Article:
Principle #5 in Intuitive Eating: Discovering the Satisfaction Principle
“The Japanese have the wisdom to keep pleasure as one of their goals of healthy living. In our compulsion to comply with diet culture, we often overlook one of the most basic gifts of existence—the pleasure and satisfaction that can be found in the eating experience. When you eat what you really want, in an environment that is inviting, the pleasure you derive will be a powerful force in helping you feel satisfied and content. By providing this experience for yourself, you will find that it takes just the right amount of food for you to decide you’ve had “enough.”
Think back to the last time you followed a diet or a trend, did you choose what to eat based on truly what you wanted in that moment?
What you were in the mood for? Something that was delicious? Or did you eat something that you “should”? Something based off a plan? Something maybe less flavorful or fun because it was the “healthier” option? We’ve all been there. But depriving ourselves from what we really want only causes unmet needs. And when our needs aren’t met, we will do whatever it takes to then get those needs met. So when we restrict our favorite foods? Ultimately we will give in and eat them with such powerful vengeance afterwards.
There’s also an underlying theme that finding pleasure in eating is “sinful” or bad. People feel guilty for enjoying food. But pleasure is what keeps us content and satisfied after our meals. If you regularly choose an unsatisfying food or an unappetizing eating experience, you’ll likely continue searching for that “pleasure”. We see this time and time again – have you ever felt physically full after a meal, but not satisfied, only to scour the pantries for something more? The absence of that satisfaction factor often has you wishing for more.
Satisfaction is really the hub of Intuitive Eating. In intuitive eating, we bring back pleasure in our eating experiences. Food doesn’t have to be bland, rigid, or boring! When we think about intuitive eating as a whole, there really is a theme of bringing back satisfaction in every aspect – in your movement, in your eating environment, in your actual food, your emotions, and so much more. Is it really pleasurable to kill yourself on the treadmill, and miss out on social events because you’re dieting? Heck no!
So, how can we bring pleasure and satisfaction back in?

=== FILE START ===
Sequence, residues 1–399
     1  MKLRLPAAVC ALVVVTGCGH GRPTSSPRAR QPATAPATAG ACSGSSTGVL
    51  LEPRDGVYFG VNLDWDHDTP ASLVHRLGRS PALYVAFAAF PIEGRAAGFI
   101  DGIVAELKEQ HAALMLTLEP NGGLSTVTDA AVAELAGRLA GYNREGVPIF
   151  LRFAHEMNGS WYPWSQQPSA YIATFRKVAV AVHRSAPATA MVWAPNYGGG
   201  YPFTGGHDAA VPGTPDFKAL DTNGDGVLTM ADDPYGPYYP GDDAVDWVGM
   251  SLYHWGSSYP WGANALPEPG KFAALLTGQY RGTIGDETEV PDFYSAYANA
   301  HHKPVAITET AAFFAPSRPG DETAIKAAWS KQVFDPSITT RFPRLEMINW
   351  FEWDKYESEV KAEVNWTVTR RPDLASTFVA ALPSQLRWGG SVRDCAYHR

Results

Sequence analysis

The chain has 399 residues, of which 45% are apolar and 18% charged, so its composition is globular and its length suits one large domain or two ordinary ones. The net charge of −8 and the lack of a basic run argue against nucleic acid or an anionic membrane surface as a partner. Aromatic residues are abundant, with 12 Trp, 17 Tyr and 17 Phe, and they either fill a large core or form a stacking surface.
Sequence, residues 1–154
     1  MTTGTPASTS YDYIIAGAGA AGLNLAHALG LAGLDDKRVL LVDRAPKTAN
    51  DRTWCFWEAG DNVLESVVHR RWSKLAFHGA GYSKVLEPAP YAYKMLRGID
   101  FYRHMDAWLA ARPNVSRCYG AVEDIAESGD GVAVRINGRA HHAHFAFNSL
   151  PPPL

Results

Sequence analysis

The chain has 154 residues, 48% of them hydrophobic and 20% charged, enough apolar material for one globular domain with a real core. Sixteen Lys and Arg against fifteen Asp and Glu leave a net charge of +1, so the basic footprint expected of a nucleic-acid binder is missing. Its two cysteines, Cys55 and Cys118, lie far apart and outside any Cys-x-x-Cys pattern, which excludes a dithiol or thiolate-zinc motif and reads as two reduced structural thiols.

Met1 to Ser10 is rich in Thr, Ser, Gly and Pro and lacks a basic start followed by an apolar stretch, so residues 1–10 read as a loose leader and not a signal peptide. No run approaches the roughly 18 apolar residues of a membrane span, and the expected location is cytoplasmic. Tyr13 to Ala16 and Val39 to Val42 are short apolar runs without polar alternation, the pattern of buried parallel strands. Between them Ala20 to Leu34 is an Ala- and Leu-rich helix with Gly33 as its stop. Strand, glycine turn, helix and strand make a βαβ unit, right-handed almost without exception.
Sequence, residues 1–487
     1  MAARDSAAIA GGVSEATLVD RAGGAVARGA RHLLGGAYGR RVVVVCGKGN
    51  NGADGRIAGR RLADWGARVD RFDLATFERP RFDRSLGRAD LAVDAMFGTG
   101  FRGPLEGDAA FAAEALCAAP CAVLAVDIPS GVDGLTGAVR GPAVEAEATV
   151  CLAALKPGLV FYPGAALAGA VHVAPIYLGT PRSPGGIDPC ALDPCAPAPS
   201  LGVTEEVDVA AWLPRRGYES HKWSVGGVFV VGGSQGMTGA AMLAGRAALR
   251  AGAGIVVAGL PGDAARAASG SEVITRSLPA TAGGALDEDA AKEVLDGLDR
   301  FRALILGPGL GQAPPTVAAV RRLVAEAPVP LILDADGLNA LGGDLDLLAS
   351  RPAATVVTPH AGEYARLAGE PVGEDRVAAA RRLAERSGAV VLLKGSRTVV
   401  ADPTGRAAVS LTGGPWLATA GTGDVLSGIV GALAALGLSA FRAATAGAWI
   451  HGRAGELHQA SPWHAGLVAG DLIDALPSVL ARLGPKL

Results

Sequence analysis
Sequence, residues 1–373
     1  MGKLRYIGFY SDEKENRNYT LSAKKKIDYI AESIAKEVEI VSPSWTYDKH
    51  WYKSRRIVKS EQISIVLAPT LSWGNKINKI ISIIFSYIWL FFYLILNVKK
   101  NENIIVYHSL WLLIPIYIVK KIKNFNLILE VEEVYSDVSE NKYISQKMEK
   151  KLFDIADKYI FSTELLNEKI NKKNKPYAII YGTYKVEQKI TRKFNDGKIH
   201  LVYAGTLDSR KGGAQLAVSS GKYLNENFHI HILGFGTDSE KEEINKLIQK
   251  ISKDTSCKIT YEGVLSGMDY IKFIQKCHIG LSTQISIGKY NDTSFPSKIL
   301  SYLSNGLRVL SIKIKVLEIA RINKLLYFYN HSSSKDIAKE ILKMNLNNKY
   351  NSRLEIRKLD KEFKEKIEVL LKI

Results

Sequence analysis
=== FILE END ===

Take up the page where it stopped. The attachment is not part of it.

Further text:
- Food is not the enemy. Eat what you actually want and desire. Let yourself enjoy it without guilt. Ask yourself what you actually want to eat. If you really want a steak, but order a salad, you simply won’t be satisfied. You can still practice gentle nutrition – maybe you get a steak and salad for balance!
- Work on honoring your hunger and eating when you’re moderately hungry, rather than starving. Your eating experience will be much more enjoyable! Food also tastes better when we’re hungry, so eating foods when we’re truly hungry helps us get the most pleasure out of them, versus eating something out of obligation or emotions. Explore what hunger level results in the most satisfying eating experience for you.
- Instead of thinking in terms of calories, healthy vs. unhealthy, good vs. bad, focus on the taste qualities of food: savory, sweet, bitter, sour, salty, smoky, tart, bland. What do you like? What are you in the mood for?
- Think about the texture qualities of food: rough, soft, chewy, sticky, smooth, chunky, liquid, moist, fluffy.
- Think about the temperature of food – what sounds satisfying to you in this moment? Something warm and hot? Comforting and dense? Or something cool, light, and airy? Asking yourself these questions can help you tune into what is going to be satisfying to you.
- Think about the volume or filling capacity of your food – some days you may feel satisfied off a bigger meal – maybe more volume, more dense foods, more protein or fats. And some days you may feel satisfied off something that’s lighter, more airy, less filling. Since our hunger levels vary day to day, what is going to satisfy us is going to vary day to day. This is why having only one “go-to” snack doesn’t work, because some days it just isn’t going to cut it or keep you satisfied, but some days it may.
- Practice eating mindfully. There are tons of free youtube videos or meditations to help you practice this. I love doing these in session with my clients. Mindful eating is all about slowing down, savoring your food, using all your senses, and viewing it with curiosity, rather than judgement.
- Eat without distractions. When we eat while watching the TV or scrolling through our phone, we aren’t going to be connected to our body or paying attention to how the food tastes. Have you ever been eating in front of the TV, only to realize the food is gone and you don’t remember eating it? That’s an example of mindless eating. We want to get pleasure out of our eating to feel content, or else we’ll be reaching for more food.
- Eat in a peaceful environment when possible. Which sounds better: eating in a rushed state in the car on the go, or eating at the table with some light music playing? I choose the latter. If our eating environments are peaceful and pleasurable, we’re going to have a better eating experience and be able to eat more mindfully and find that satisfaction. I know in our busy lifestyles this isn’t always possible, but try to maybe at least eat dinner every night at the table, or actually take a real lunch break at work instead of eating while typing away. It does make a big difference!
And as the authors of Intuitive Eating state, “remember the 3 S‘s of satisfying eating: eat slowly, eat sensually, and savor every bite.”
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